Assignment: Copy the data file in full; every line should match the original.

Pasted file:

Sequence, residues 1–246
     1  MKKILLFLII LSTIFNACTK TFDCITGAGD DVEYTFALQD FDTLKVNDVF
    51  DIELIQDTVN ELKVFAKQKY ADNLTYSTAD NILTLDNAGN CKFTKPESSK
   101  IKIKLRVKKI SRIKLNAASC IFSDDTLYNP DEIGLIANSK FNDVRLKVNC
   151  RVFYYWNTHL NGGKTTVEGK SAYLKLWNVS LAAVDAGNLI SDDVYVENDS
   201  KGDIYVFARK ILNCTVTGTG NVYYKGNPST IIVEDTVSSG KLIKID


Sequence, residues 1–246
     1  MKKILLFLII LSTIFNACTK TFDCITGAGD DVEYTFALQD FDTLKVNDVF
    51  DIELIQDTVN ELKVFAKQKY ADNLTYSTAD NILTLDNAGN CKFTKPESSK
   101  IKIKLRVKKI SRIKLNAASC IFSDDTLYNP DEIGLIANSK FNDVRLKVNC
   151  RVFYYWNTHL NGGKTTVEGK SAYLKLWNVS LAAVDAGNLI SDDVYVENDS
   201  KGDIYVFARK ILNCTVTGTG NVYYKGNPST IIVEDTVSSG KLIKID